The FASTEEL project deals with the upscaling and validation of the new generation of innovative high thermal conductivity tool steels of Rovalma. The main application targets of FASTEEL grades are tools, dies, moulds and inserts for hot forming production processes, especially die casting of light alloys, plastic injection moulding, hot stamping of Advanced High Strength Steels and composite forming. In these processes, the dies fulfil two important functions: (1) shaping of a material into the desired component geometry, (2) being a heat transfer medium. The shaped components are solidified and cooled by extracting the heat previously used to melt (in the case of die casting and plastic injection moulding) or to preheat (in the case of hot stamping) the component material. When the melt or preheated material is introduced into the dies, the heat is removed from the components by the corresponding forming tools. The heat is then transferred through the tool material to the cooling medium inside the cooling lines of the tools. Tool material thus functions as a bridge between the cooling medium and the shaped component inside the die. The flux of heat crossing this bridge is determined by the thermal conductivity (TC) of the tool material. As the rate of heat transfer depends on the TC of the tool material, the low TC of traditionally used tool steels limits the productivity of these hot forming processes and the feasibility of making thinner and more complex components. ROVALMA has invented technology to make tool steels with the required mechanical properties for these tools with very high TC. There is an enormous market potential for these tool steels, however manufacturing of a tool is a costly process and associated with other important requirements such as standardization, conformance control, certification, heat treatment requirements, machinability, weldability, surface treatability, safety instructions for the handling. In addition to the combination of high TC and high mechanical properties, FASTEEL grades feature another innovative feature compared to conventional tool steels, as they are supplied in an easy-to-machine state and ready for precipitation hardening through a single low temperature cycle, or in pre-hardened condition and with the hardness and other mechanical properties adjusted to the typical application requirements of the different forming processes. These features shorten the tool manufacturing time and cost considerably, allow to realize the benefits of a homogenous property distribution throughout the tool, with the corresponding positive impacts on produced component quality and durability of the dies themselves. Thanks to the work carried out, the project objectives have been achieved with success: the FASTEEL grades have been up-scaled, optimized, pilot-tested and are now ready for market launch.
The technical requirements for FASTEEL grades for each target application were defined and the respective validation methods, quality control system and certification types were determined. FASTEEL grades’ mechanical and physical properties were evaluated by well-respected external institutions. Material security data sheets have been elaborated in accordance with applicable national legislations. Guidelines for the production have been prepared to carry out the up-scaling process in the most cost-efficient manner. The up-scaling of the production process has been finalized and material of the different FASTEEL grades was sent to cooperation partners for testing in agreed pilots. The gathered information with regard to the validated properties of the upscaled FASTEEL grades, together with the outstanding results achieved with FASTEEL in service, have given clear evidence of the benefits provided by FASTEEL. The comprehensive dissemination activities undertaken (project website, participation in congresses and fairs, visits to key customers), have created great interest in FASTEEL on the side the diverse stakeholders. Machining, welding and texturizing guidelines have been prepared, as well as recommendations for possible combinations of FASTEEL with surface treatments. Electromagnetic properties of FASTEEL grades have been assessed to dispose of the information required for induction heating methods of moulds used in emerging heat & cool technologies for the advanced forming of composites. The plan for exploitation has been elaborated, and the operational and investor ready business plan and marketing strategy have been defined, and a comprehensive protection of project results has been achieved. The attached imaged provides a graphic summary of FASTEEL properties and benefits.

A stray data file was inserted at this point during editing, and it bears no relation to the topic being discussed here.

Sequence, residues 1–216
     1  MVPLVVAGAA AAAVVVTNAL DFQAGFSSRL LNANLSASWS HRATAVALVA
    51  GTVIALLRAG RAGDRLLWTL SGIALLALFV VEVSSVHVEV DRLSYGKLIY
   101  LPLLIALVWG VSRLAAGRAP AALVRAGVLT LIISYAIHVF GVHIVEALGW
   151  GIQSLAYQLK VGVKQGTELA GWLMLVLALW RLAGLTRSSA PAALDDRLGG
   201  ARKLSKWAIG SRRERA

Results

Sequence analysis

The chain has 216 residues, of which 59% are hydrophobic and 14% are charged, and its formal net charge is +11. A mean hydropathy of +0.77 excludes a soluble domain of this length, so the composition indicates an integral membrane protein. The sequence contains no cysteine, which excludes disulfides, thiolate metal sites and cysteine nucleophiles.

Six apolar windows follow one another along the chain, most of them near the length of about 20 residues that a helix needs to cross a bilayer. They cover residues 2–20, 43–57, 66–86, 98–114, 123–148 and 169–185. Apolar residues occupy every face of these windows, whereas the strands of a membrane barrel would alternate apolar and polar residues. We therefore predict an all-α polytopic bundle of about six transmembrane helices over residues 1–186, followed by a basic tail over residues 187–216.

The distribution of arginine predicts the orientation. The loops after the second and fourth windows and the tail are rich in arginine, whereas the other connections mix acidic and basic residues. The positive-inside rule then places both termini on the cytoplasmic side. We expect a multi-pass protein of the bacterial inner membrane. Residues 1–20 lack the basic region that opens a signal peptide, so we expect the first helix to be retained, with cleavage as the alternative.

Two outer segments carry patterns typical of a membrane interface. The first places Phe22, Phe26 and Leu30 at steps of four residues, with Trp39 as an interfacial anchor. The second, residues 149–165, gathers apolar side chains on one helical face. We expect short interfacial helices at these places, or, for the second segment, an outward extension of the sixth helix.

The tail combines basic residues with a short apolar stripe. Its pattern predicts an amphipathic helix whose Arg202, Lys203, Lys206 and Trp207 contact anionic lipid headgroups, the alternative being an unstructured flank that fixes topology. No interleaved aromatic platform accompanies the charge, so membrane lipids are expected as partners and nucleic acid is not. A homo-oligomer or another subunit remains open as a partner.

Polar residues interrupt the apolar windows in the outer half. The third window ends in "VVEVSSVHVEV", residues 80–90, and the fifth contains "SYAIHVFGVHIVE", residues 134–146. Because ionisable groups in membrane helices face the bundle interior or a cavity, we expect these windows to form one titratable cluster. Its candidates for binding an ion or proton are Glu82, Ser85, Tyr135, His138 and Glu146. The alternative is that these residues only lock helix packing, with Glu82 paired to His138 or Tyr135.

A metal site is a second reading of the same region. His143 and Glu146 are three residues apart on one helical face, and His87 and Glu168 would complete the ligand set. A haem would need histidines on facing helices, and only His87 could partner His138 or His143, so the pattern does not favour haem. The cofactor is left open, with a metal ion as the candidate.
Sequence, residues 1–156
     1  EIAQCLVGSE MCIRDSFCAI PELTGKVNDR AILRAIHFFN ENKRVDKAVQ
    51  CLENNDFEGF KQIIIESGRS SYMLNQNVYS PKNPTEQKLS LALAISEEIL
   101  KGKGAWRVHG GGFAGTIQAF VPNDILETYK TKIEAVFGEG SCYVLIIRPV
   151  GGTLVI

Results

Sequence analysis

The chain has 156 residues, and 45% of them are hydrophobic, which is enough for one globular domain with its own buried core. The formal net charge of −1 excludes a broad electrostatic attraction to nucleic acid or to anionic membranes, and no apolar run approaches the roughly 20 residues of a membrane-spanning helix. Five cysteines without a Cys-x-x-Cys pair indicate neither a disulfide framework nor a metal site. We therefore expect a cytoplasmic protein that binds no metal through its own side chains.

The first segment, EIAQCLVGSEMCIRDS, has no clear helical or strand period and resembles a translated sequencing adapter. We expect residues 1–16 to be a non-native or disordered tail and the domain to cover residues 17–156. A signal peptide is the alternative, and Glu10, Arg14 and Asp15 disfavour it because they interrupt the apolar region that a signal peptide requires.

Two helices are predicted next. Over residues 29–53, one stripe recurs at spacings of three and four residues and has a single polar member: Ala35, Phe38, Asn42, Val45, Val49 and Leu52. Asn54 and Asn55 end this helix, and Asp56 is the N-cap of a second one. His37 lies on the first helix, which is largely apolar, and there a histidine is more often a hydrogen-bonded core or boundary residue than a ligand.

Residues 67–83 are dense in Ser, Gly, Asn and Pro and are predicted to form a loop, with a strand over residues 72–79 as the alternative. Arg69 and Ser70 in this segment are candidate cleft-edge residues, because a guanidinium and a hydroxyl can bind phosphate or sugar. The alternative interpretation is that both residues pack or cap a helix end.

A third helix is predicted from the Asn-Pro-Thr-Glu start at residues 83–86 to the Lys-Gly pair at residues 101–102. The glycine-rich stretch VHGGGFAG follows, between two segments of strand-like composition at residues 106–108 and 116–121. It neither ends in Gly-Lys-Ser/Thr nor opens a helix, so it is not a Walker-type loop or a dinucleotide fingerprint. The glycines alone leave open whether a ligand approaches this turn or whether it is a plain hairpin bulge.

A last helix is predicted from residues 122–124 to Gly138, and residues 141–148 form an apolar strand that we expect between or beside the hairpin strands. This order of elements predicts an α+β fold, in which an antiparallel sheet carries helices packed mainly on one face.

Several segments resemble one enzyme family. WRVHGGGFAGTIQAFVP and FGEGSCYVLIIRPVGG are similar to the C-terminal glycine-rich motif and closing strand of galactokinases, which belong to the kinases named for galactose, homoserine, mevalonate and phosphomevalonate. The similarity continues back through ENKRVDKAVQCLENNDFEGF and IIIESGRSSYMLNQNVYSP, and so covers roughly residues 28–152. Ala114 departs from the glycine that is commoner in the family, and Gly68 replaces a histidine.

Material forming processes are directly affected by the global trend for lighter, functional and more complex components. Nowadays, composite forming, plastic injection moulding (PIM), die casting of light alloys (DC) and hot stamping (HS) of Ultra and Advanced High Strength Steels are the major material forming processes, by which light weight components are being produced, and which have the potential to address the challenge of making thinner and complex geometry components. The common point of all these hot work material forming processes is related to the fact that the heat transfer mechanism is controlled by the thermal properties of the tool material, which determines the productivity of the forming process and the feasibility of making thinner and more complex geometry components. Traditionally used hot work tool steels such as EN/DIN 1.2343 (H11, SKD 60) and 1.2344 (H13, SKD 61) have been used because of their good properties at high temperature, indispensable for having an acceptable life time of the die. However, the TC of these tool steels is low, generally between 25-29 W/m·K. Considering the thermo-mechanical load acting on the tool, the tool material must have physical and mechanical properties that stand these loadings. Previous attempts to develop higher TC tool steels led to steels with low hardenability (poor mechanical properties). Hence the use of tool steels of this type are EN-DIN 1.2311/12 or EN-DIN 1.2738 (P20), which have slightly higher TC of 30-35 W/m·K, is limited to some moulds for PIM; they cannot be used for hot forming processes like DC, HT and other PIM that require high fatigue and wear resistance. The FASTEEL grades upscaled and validated in this project have overcome these limitations, enabling significant savings in terms of energy resources, raw materials, equipment and machining costs per produced part. Another important impact is the formability of larger, higher strength, lower weight components with increased geometric complexity enabled by the quick heat diffusion capacity through FASTEEL, leading to a more homogenous cooling of the shaped components and thereby allowing the production of thinner components, without endangering passenger’s safety. Consequently, the FASTEEL technology enables not only resource savings through increased production process productivity and improved component quality, but also the corresponding emission reductions per each saved kilogram of vehicle weight achieved through the use of lighter components. The now available upscaled FASTEEL grades can hence be considered a key-enabling technology to help achieving emission reduction targets agreed by the EU.